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Rick Venable rvenable at deimos.cber.nih.gov
Thu Jan 26 21:41:18 EST 1995

On Thu, 26 Jan 1995 22:53:19 GMT Mohan Srinivasan pontificated:
> 	Can proteins fold in a different way in the absence of
> gravity ? I believe that their density changes (compacts) when
> spun in ultracentrifuges at high rpm's (high G). So, the reverse 
> (low G) should be also true. Gravity is one of the forces apart
> from the nuclear forces. Does folding depend only on nuclear
> forces ?  I am not sure though. Was any study made in this direction 
> during space experiments ? Could anyone throw some light ?

I'd say that there is little or no difference.  First, the difference
between 0 G and 1 G is very small, compared to the high G force in a
modern ultracentrifuge.  Second, perhaps many astronauts would be dead if
the change from 1 G to 0 G seriously altered protein folding.  Third, most
theoretical chemistry programs (molecular dynamics, quantum calculations,
etc.) ignore gravity completely.  Not that the absence is proof, but many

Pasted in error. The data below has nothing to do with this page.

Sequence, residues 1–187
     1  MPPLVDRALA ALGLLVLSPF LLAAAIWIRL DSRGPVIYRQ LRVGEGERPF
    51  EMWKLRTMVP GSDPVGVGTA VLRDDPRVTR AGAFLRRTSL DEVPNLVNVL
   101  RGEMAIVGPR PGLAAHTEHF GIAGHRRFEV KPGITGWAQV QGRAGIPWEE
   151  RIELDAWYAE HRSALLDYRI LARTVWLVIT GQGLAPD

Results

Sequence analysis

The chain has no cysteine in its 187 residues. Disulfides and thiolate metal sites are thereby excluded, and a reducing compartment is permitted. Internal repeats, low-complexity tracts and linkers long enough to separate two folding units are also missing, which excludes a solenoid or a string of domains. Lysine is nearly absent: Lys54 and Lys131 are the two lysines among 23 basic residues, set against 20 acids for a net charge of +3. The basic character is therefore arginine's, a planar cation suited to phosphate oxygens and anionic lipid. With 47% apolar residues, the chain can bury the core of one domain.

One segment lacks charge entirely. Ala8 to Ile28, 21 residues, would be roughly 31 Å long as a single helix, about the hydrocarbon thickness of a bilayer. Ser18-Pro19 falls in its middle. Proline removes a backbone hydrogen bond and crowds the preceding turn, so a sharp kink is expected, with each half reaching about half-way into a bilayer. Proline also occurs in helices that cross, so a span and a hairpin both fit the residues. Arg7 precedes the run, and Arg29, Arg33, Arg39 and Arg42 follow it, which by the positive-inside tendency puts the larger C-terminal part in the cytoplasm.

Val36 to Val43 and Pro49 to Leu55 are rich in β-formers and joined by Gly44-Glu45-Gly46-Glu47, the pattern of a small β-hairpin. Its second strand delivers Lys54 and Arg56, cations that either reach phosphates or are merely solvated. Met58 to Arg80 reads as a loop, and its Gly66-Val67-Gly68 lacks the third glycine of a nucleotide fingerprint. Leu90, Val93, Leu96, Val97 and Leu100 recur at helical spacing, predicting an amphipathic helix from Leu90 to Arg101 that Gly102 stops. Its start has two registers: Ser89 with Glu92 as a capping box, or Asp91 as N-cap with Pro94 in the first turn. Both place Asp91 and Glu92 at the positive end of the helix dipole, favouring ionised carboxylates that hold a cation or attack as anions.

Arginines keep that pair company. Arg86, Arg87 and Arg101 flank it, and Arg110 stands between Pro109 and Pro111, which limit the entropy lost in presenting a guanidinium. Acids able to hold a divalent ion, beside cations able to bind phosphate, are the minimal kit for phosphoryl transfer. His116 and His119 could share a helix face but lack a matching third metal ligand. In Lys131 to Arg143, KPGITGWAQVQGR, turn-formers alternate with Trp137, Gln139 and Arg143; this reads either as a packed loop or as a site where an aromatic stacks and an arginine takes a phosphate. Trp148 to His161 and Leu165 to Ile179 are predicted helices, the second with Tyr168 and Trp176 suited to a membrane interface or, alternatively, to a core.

leading scientists studying protein folding from a theoretical approach do
not consider gravity.  After all, the mass of a protein is infintesimal
compared to the mass of the Earth, and it exists in a buoyant medium.

Folding does not depend on nuclear forces, but electrostatic forces (charge
attraction and repulsion) and the mostly attractive London dispersion, or van
der Waals, forces.  The charge interactions can be fairly long range, easily
2-5 times the zero point as van der Waals forces; the latter forces are close
to zero for atom interactions further than 10 Angstroms apart.

Finally, I'm sure there have been 0 G protein crystallization experiments on
the space shuttle, as well as a fair number of biochemistry and biological
experiments.  Perhaps they've even made blood density measurements.  NASA
is very foward about providing access to the results of their work, both as
publications and on-line thru gopher and www servers.

Rick Venable                  =====\     |=|    "Eschew Obfuscation"
FDA/CBER Biophysics Lab       |____/     |=|
Bethesda, MD  U.S.A.          |   \  /   |=|  / Not an official statement \
rvenable at deimos.cber.nih.gov       \/    |=|  \  or position of the FDA.  /

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